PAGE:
Rsync Vault Manager

by Michael Peek


RVM is an archive manager that uses rsync to manage backups of multiple clients across multiple logical partitions (vaults). It has some features that some other rsync-based backup schemes lack, such as being written in C++, needing no scripts or other programs than rsync and any binaries on which rsync depends (such as SSH), the ability to manage multiple instances of rsync connections to separate clients in parallel, the ability to use multiple logical partitions (vaults) in a configurable fashion for purporses of redundancy and added reliability, and the use of hard links for files that have not changed from one archive to the next.


So, does anyone out there actually use RVM? If so, drop me a line and let me know a few details, and I'll add you to this list. (Feel free to include snippets of configuration file(s) and/or pictures, if you feel so inclined.)

2006-07-19 :: Michael Peek (RVM creator) :: Network Backup
We use RVM for our daily network backups. Backups are done via SSH for workstations that I manage, and via read-only NFS for privately-owned machines.

For our first attempt at building a disk-based backup machine:
  • Case: An RM4024 from with a Maxtor-compatible PATA backplane.
  • Motherboard: An X5DP8-G2 from SuperMicro
  • CPU(s): 2 x Xeon 2.0GHz
  • RAID: 2 x 7500-12 3ware
  • HDDs: 24 x 256GB (RAID), 1 x 40GB for OS

This motherboard has two built-in network ports, which I've bonded together into one virtual interface for higher throughput.

The 3ware cards work wonderfully. We're running Debian/Linux with a 2.6 kernel, and the 3ware cards are supported right out of the box. The only thing we had to do extra was to download the monitoring daemon and command-line tools from 3ware's site. They're provided as pre-compiled binaries.

The only thing I regret about building this machine was deciding to go with PATA drives. If I had known whether SATA cards would work with Linux as easily as PATA, then I would have gone with SATA cards, backplane, and drives. At it is, since I've gone and built the thing with PATA drives, I have a case that's too cramped for all those PATA cables, and I'm locked in to buying Maxtor-only PATA drives. Not that there's anything wrong with that for now, but it means we'll have issues down the road when it comes time to upgrade. To the right is a picture of the cramped interior. There are supposed to be a total of eight fans, one for each of the circular holes in the metal cross-plane. I had to take most of them out to make room for the cables.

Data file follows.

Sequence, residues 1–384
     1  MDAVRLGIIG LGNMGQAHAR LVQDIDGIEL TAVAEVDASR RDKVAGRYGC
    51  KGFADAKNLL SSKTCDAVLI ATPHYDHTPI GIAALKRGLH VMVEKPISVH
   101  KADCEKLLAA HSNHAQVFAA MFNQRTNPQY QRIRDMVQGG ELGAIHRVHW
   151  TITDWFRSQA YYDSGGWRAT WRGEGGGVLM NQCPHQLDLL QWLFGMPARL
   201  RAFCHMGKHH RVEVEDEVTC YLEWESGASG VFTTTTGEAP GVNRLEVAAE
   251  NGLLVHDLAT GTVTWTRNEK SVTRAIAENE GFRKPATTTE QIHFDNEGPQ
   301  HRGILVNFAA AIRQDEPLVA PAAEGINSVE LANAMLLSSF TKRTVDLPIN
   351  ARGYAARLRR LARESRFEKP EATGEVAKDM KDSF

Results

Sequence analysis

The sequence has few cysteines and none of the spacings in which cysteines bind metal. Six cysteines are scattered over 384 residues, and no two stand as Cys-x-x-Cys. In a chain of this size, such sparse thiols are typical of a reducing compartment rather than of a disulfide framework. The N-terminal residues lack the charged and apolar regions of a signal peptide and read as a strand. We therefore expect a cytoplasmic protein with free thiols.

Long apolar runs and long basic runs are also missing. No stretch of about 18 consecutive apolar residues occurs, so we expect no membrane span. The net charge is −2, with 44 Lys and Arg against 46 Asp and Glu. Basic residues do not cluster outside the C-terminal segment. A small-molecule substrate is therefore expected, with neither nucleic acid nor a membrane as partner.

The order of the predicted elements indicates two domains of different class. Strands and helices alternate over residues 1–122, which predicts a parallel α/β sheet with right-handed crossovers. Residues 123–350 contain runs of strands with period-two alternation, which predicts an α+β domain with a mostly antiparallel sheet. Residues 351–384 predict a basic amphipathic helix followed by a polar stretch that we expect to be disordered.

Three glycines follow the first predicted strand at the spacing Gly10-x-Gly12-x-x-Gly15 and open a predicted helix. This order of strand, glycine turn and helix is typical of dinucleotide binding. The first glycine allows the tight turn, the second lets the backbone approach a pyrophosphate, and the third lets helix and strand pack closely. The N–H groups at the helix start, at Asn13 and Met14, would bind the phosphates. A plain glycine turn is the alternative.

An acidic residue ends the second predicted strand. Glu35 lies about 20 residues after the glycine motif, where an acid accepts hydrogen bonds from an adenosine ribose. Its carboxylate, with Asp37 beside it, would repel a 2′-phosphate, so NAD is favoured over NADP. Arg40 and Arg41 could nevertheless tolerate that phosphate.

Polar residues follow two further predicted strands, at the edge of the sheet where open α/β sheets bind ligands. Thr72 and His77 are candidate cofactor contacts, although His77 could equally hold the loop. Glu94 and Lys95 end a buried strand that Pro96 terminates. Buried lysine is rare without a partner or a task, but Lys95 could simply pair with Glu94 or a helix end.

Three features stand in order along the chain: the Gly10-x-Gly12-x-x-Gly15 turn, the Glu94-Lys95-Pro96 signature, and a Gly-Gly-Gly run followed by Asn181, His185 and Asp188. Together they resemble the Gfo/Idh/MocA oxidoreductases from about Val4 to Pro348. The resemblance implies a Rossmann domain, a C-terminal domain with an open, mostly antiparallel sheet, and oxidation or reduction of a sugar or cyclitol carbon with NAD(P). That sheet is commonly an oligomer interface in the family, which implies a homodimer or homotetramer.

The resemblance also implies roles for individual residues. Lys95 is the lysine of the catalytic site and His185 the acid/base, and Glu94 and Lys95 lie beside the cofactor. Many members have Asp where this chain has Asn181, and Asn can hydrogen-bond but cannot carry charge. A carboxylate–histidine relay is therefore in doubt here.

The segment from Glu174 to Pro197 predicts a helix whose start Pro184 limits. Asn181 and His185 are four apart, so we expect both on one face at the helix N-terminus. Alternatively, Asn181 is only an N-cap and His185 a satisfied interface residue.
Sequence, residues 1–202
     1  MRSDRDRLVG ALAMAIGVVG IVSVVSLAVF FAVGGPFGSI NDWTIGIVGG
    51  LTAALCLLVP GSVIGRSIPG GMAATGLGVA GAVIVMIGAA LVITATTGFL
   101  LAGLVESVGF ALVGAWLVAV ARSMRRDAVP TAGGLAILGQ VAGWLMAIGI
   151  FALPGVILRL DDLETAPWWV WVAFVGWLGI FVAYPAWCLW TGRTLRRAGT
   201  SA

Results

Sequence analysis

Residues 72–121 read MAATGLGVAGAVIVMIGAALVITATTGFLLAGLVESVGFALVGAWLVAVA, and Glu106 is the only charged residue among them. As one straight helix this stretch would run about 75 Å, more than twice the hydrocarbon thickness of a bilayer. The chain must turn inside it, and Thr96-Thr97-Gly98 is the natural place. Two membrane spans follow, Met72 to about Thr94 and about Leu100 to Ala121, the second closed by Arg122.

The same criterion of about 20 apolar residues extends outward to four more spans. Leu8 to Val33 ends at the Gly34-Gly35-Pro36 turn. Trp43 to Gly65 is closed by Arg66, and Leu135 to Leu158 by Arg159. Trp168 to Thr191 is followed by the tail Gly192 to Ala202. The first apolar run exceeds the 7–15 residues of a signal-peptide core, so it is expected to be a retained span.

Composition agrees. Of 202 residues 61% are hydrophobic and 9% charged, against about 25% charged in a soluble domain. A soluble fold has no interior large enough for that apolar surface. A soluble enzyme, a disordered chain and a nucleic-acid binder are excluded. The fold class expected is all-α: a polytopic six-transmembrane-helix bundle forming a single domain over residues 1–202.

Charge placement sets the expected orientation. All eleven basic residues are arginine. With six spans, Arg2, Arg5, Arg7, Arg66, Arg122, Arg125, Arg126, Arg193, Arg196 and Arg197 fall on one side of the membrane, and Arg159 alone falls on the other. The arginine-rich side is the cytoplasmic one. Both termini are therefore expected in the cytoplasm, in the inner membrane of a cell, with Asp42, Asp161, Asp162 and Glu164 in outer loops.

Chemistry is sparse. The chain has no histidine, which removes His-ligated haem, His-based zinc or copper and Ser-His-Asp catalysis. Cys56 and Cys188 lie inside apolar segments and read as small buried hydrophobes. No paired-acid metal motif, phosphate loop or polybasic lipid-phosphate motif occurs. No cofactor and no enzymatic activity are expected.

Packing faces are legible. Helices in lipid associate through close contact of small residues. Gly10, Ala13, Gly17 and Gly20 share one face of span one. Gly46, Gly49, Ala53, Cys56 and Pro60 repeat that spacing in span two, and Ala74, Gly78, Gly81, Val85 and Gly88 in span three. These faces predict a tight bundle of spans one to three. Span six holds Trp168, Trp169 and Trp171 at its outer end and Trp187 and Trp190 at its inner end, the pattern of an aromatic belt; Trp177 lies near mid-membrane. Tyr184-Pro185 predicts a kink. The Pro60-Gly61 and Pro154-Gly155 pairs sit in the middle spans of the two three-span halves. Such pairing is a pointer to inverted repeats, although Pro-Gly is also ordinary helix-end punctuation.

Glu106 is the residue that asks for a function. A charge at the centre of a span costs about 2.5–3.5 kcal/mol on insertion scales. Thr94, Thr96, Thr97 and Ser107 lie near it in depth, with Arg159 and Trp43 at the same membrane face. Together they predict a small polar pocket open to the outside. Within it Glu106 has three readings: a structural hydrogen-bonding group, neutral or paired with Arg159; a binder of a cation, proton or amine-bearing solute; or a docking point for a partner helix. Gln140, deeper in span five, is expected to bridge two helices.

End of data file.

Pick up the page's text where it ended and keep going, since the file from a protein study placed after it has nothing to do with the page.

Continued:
So how to I keep it cool? Well... See for yourself. :)

Okay, okay, I admit, the box fan isn't actually necessary. The machine used to have four fans across the top of the cross-plane, and that kept it cool enough. Unfortunately, we can't afford the needed facility upgrades to put decent air-conditioning in our machine room, and there's already a Sun Enterprise 4500 and a Sun A5200 in there pumping out an obscene amount of heat. Our machine room sits at a toasty 76F-80F most of the time, and last summer we lost drives from several machines due to overheating. So for now the backup machine sits on a desk behind me. I substituted the box fan for the four remaining internal fans because it's quieter. This way, I can still hold a conversation in my office.

At the time of this writing I am working on assembling a second backup server. This one will sit in another building as a redundant in case an act of God takes out the first backup server. For this one I have opted for SATA. While it's more expensive than PATA at the moment, it'll be easier to upgrade down the road.
Far less air-flow restriction. And I like the fact that the two OS drive bays (at the bottom) are also hot-swappable.


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